About this report

The IEA Oil Market Report (OMR) is one of the world's most authoritative and timely sources of data, forecasts and analysis on the global oil market – including detailed statistics and commentary on oil supply, demand, inventories, prices and refining activity, as well as oil trade for IEA and selected non-IEA countries.


  • The ongoing energy crisis has prompted a switch to oil that could boost demand by 500 kb/d compared with normal conditions. This contributed to an upward revision to our 2021 and 2022 forecast, by 170 kb/d and 210 kb/d respectively. Global oil demand is now forecast to rise by 5.5 mb/d in 2021 and 3.3 mb/d in 2022 when it reaches 99.6 mb/d, slightly above pre-Covid levels.
  • World oil supply has resumed its uptrend as OPEC+ continues to unwind cuts, the US bounces back from Hurricane Ida and maintenance winds down. From September through end-2021, global output is set to rise 2.7 mb/d with OPEC+ accounting for 1.5 mb/d and non-OPEC+ pumping the rest. Total oil output fell 260 kb/d in September to 96 mb/d, led by steeper US hurricane losses.
  • Global refinery activity in 3Q21 continued to disappoint, with lower throughputs in China and India in August only partially offset by a stronger performance in OECD Asia and Europe. Implied 3Q21 refined product balances show the largest draw in eight years, which explains the strong increase in refinery margins in September despite significantly higher crude prices.
  • OECD total industry stocks drew by 28 mb in August to 2 824 mb, 162 mb below pre-Covid five-year average. Preliminary September data for the US, Europe and Japan show on-land industry stocks fell by a further 23 mb. Crude oil held in floating storage decreased by 8.5 mb to 98 mb in August.
  • Crude oil prices hit a seven-year high in early October boosted by energy supply concerns and continued oil stock draws. North Sea Dated prices rose by $3.65/bbl on average in September to $74.40/bbl and WTI at Cushing $3.84/bbl to $71.56/bbl. Strong backwardation restrained crude price differentials to marker crudes over the month.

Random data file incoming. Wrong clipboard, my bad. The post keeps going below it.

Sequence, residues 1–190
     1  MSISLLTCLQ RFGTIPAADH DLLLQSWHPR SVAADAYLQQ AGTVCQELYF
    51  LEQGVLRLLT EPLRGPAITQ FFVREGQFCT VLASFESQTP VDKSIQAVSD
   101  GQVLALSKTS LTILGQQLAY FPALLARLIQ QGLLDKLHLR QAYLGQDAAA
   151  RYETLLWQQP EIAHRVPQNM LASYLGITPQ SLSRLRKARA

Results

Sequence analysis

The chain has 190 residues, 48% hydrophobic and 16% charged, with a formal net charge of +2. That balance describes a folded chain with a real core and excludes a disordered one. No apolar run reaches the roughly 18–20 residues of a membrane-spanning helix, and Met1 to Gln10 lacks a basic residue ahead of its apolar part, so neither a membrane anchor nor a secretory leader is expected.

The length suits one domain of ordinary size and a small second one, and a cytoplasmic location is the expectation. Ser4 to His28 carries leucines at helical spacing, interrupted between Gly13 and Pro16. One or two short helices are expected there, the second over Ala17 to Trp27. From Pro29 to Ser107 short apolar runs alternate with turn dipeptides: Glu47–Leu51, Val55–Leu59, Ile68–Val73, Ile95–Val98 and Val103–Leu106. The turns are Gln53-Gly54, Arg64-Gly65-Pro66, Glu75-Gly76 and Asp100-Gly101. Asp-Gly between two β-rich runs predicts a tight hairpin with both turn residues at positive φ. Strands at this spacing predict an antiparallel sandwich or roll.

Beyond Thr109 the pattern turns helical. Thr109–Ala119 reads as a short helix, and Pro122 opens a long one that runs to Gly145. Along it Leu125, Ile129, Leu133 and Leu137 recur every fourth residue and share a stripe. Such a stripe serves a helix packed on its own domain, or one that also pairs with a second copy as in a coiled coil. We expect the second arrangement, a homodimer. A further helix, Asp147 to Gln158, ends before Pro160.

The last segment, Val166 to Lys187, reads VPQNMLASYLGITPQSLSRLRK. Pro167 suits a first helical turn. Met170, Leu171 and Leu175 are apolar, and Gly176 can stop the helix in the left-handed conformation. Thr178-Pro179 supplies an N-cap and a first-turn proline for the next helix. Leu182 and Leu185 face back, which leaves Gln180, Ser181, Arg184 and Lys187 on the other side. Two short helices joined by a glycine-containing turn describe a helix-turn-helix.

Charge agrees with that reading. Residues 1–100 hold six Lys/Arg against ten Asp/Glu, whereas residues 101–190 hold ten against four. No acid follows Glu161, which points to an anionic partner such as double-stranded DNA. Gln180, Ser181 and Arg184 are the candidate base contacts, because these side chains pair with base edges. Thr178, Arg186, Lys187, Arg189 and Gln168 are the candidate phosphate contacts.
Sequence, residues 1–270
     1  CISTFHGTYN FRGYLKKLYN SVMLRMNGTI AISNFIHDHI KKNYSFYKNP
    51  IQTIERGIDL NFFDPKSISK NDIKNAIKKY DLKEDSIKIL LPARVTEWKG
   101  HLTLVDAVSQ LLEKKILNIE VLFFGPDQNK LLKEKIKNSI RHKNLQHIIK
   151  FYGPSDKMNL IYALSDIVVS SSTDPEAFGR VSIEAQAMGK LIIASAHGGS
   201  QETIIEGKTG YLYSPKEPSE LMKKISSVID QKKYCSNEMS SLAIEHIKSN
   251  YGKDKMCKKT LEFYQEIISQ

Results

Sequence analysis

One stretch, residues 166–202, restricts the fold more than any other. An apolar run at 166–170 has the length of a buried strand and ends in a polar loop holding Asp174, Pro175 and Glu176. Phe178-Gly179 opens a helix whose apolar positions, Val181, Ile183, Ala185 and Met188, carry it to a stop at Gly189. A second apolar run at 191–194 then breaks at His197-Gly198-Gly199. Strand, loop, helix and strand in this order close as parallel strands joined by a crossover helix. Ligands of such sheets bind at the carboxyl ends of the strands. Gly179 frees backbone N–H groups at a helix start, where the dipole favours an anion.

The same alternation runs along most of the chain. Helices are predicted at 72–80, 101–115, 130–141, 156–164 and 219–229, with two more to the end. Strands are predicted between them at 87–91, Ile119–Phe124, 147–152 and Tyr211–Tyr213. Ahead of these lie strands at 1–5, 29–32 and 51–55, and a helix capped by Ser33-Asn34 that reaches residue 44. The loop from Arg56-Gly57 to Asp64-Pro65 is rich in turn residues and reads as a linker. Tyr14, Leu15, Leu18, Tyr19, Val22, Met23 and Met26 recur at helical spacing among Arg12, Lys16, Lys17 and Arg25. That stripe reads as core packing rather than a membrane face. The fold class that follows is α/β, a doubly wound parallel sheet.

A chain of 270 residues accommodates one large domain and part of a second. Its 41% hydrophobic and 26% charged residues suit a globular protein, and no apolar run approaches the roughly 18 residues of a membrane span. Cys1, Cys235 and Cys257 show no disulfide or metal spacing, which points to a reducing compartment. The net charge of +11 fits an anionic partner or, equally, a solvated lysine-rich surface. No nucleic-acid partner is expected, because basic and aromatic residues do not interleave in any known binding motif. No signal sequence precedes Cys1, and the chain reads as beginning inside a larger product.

Bumpy road ahead

Oil prices are scaling multi-year highs as a shortage of natural gas, LNG and coal boosts demand for oil, which could keep the market in deficit through at least the end of the year. Brent crude futures rose by more than $10/bbl to surpass $83/bbl, while WTI traded above $80/bbl at the time of writing.

The surge in prices has swept through the entire global energy chain, fuelled by robust economic growth as the world emerges from the pandemic. Record coal and gas prices as well as rolling black-outs are prompting the power sector and energy-intensive industries to turn to oil to keep the lights on and operations humming. The higher energy prices are also adding to inflationary pressures that, along with power outages, could lead to lower industrial activity and a slowdown in the economic recovery.

For now, a reduction in the number of new Covid cases and rising mobility are lending support to oil demand. Global gasoline demand is currently running 2% below pre-Covid levels compared with a deficit of more than 10% at the start of the year. Air-travel is lagging further behind. All in all, world oil demand is forecast to rise by 5.5 mb/d, to 96.3 mb/d in 2021 and 3.3 mb/d in 2022, when it is set to reach pre-Covid levels.

World oil supply, meanwhile, is projected to rise sharply in October as US output bounces back from Hurricane Ida and OPEC+ continues to unwind cuts. Earlier this month the producer group reconfirmed its agreement to boost output by 400 kb/d for November, despite calls from major consuming countries for a more substantial increase to stall the decline in global oil inventories and the rise in prices. Preliminary data shows OECD industry stocks fell 23 mb in September to stand 210 mb below their five-year average and at their lowest level since March 2015.

With OPEC+ currently on track to pump 700 kb/d below the call for its crude during 4Q21, inventories will continue to decline. As the bloc ramps up production, its spare capacity will dwindle. Compared with a cushion of 9 mb/d in 1Q21, effective spare capacity could fall below 4 mb/d by 2Q22 and be concentrated in only a few Middle Eastern countries, although supply is expected to exceed demand. Shrinking global spare capacity underscores the need for increased investments to meet demand further down the road.

As the IEA’s World Energy Outlook 2021 published this week highlights, the world is not investing enough to meet its future energy needs. Transition-related spending is gradually picking up, but remains far short of what is required to meet the rising demand for energy services in a sustainable way. At the same time, the amount being spent on oil appears to be geared towards a world of stagnant or falling demand. A surge in spending on clean energy transitions provides the way forward, but this needs to happen quickly or global energy markets will face a bumpy road ahead.